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JavaScript new features in ECMAScript 2021

Muhammad Bilal Bangash
I am a Full Stack developer. I specialized in React JS, Next JS, Node JS, Gatsby, JavaScript, Angular, GraphQL. I'm passionate about new technologies and I keep learning all the time.
Updated on ・4 min read

Below are some new features that you can expect from the ECMAScript:

  • replaceAll
  • Promise.any
  • WeakRefs and finalizer
  • Logical Assignment Operators
  • Numeric separator

Let's begin with the first one.

1. replaceAll() method

The replaceAll() method allows you to replace all occurrences of a substring with another string that you defined. Currently, the replace() method only replace the first occurrence of the substring while ignoring the rest:

const str = 'How+are+you?';
const addSpaces = str.replace('+', ' ');
console.log(addSpaces); // How are+you?
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The only way to replace all occurrences is to use replace() with a global regular expression as follows:
// replace all '+' with a 'space'

const str = 'How+are+you?';
const addSpaces = str.replace(/\+/g, ' ');
console.log(addSpaces); // How are you?
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With the replaceAll() method, you don’t have to use a regular expression anymore:

const str = 'How+are+you?';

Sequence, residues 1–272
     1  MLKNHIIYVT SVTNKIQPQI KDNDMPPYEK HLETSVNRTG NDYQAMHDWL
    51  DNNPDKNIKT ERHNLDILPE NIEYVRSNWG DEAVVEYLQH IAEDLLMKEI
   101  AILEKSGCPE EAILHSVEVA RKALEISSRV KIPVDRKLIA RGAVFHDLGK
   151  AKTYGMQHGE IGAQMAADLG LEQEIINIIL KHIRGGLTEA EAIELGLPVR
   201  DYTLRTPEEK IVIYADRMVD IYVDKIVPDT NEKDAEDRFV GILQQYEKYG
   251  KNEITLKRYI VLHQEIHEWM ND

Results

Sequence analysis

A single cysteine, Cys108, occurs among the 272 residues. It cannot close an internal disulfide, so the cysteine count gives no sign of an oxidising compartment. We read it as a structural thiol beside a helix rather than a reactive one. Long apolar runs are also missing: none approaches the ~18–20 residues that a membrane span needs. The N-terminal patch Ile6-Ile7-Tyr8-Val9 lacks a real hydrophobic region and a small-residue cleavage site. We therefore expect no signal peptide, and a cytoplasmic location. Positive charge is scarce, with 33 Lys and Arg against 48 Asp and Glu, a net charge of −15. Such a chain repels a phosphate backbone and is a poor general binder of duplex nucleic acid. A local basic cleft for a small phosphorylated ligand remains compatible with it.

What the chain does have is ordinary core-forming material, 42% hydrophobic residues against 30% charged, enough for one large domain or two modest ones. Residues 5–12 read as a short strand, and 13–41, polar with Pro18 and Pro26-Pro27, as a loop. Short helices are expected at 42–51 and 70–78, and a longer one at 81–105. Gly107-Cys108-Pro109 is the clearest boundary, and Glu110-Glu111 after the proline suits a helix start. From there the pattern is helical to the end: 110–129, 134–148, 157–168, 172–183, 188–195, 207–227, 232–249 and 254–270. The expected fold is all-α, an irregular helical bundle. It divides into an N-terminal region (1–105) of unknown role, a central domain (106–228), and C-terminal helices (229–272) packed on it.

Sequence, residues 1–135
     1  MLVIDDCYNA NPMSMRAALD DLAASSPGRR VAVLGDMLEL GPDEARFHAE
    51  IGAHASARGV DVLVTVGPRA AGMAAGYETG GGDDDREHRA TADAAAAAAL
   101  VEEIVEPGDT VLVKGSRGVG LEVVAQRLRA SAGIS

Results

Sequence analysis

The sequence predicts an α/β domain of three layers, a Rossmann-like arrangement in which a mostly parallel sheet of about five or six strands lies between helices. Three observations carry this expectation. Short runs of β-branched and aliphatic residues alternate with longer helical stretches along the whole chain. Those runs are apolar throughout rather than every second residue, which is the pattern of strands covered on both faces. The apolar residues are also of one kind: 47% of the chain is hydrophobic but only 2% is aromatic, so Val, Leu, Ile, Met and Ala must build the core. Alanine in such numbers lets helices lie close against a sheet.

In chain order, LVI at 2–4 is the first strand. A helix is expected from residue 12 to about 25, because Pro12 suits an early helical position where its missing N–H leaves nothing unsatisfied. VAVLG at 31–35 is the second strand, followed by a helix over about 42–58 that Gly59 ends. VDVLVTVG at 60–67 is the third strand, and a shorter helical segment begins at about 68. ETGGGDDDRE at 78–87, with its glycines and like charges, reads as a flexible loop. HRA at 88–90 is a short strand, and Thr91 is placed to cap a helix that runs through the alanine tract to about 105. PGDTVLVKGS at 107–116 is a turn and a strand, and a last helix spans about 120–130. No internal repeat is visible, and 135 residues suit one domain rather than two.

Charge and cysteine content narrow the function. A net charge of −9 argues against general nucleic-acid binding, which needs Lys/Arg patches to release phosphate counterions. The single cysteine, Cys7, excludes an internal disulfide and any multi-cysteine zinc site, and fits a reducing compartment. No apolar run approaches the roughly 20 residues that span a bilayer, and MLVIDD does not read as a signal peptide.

const addSpaces = str.replaceAll('+', ' ');
console.log(addSpaces) //How are you?
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2. Promise.any()

The Promise.any() method returns a promise that will resolve as soon as one of the promises are resolved. If all of the promises are rejected, the method will throw an AggregateError exception holding the rejection reasons.
Here’s an example:

const firstPromise = new Promise((resolve, reject) => {
  setTimeout(() => resolve("First Promise Fulfilled"), 3000);
});
const secondPromise = new Promise((resolve, reject) => {
  setTimeout(() => resolve("Second Promise Fulfilled"), 2000);
});
const thirdPromise = new Promise((resolve, reject) => {
  setTimeout(() => resolve("Third Promise Fulfilled"), 1000);
});
Promise.any([firstPromise, secondPromise, thirdPromise]).then(
  (promiseFulfilled) => {
    // Any of the promises was fulfilled.
    console.log(promiseFulfilled); // Third Promise Fulfilled
  },
  (error) => {
    console.log(error)// Error Handling
  }
);

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If all of the promises given are rejected, the AggregateError exception will be thrown.
Here’s another example showing the exception using the async/await syntax: